While Americans have been making huge progress in reducing their outstanding credit card balances, Australians have been going in the opposite direction, according to data released by the Reserve Bank of Australia. The numbers show that on average Australians now owe more on credit cards than Americans did at the end of 2009, in the midst of our debt-reduction frenzy.
Australians Owe AUD49.3B on Credit Cards
So the latest Reserve Bank of Australia (RBA) data reveal that over the past five years Australians have increased their outstanding credit card balances by 42 percent and now owe AUD 49.3 billion (USD 52.3 billion), AUD 36 billion (USD 38.2 billion) of which is accruing interest. By comparison, as of the end of March of this year, the aggregate outstanding credit card balances in the U.S. have fallen by USD 177.5 billion, or 18.2 percent, according to the Federal Reserve, from its August 2008 level, the month before the financial meltdown began.
The average Australian household now owes AUD 3,321 (USD 3,520) per card, which means that the overall indebtedness is often much higher, as many households use more than one credit cards. As a natural consequence, the rate of late payments has also increased, with 14 per cent of cardholders missing a payment in the past three months.
The number of open credit card accounts has also risen substantially and is now at about 15 million, an increase of 18 percent over the five-year period covered by RBA’s study. This is another area of strikingly different patterns evolving in the U.S. and Australia. Since reaching their peak in the second quarter of 2008, shortly before the Lehman Brothers’ collapse, the number of open credit card accounts in the U.S. has fallen by 24 percent and at the end of the first quarter of 2011 stood at 379 million, according to data from the New York Fed.
Are Australians the New Americans?
So what’s going on in the Land Down Under? Why have the Aussies taken to emulating our destructive credit card spending habits from before the Lehman collapse? Well, there are several potential causes that have been pointed out, although they still leave plenty of room for questions.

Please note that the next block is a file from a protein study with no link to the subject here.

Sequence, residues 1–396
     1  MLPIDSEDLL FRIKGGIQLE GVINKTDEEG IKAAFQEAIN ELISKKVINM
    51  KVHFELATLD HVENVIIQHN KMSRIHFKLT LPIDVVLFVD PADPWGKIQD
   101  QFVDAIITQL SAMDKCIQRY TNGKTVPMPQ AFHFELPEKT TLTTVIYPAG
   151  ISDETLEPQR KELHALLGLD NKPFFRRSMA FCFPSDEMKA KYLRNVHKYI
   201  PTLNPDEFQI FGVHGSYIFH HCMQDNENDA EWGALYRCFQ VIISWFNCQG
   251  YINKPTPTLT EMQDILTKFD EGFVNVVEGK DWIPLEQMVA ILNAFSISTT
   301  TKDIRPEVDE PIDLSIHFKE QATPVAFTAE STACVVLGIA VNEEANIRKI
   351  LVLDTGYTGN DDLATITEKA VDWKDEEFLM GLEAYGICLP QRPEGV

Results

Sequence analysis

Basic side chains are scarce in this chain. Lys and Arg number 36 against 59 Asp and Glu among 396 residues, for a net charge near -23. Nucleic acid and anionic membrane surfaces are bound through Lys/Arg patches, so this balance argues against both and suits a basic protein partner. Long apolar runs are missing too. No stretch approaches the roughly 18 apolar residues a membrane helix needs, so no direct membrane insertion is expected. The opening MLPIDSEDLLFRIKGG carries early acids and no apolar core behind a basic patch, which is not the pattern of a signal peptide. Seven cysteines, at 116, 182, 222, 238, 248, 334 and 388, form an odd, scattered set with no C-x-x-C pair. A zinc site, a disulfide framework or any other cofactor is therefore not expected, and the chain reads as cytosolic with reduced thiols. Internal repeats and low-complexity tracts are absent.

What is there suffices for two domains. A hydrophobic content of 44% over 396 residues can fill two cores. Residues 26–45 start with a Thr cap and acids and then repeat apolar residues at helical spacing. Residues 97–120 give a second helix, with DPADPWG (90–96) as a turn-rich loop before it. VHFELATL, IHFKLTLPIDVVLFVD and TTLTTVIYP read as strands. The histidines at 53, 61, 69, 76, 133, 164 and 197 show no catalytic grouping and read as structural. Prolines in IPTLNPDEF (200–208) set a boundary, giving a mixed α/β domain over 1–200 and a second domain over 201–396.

Firstly, credit cards have been easily accessible, as evidenced by the 18 percent jump over the examined five-year period. Issuers’ underwriting criteria may have been unusually lax in the build-up to the enactment of the GFC, the Australian version of the U.S. CARD Act, which introduced tighter lending standards, among other new rules, in January.
Secondly, interest rates are higher in Australia than they are in the U.S., with the official RBA rate up 1.75 percent since mid-2009 t0 4.75 percent. The majority of cards come with rates higher than 20 percent.
Then there is the rising Australian dollar, which has boosted its purchasing power and spurred online shopping.
Of course, as always, credit card companies are also blamed, for devising ways to trick cardholders into actually using their generously issued credit lines.
Yet, even taken together, I don’t find that the proposed causes are offering a particularly convincing answer for the source of the Australians’ credit card woes. After all, we’ve also had our CARD Act, rising interest rates and misbehaving issuers to deal with. And it’s not like the U.S. dollar has been in a free fall. So really, are the Aussies becoming the new Americans in credit card spending?
Image credit: Omgtoptens.com.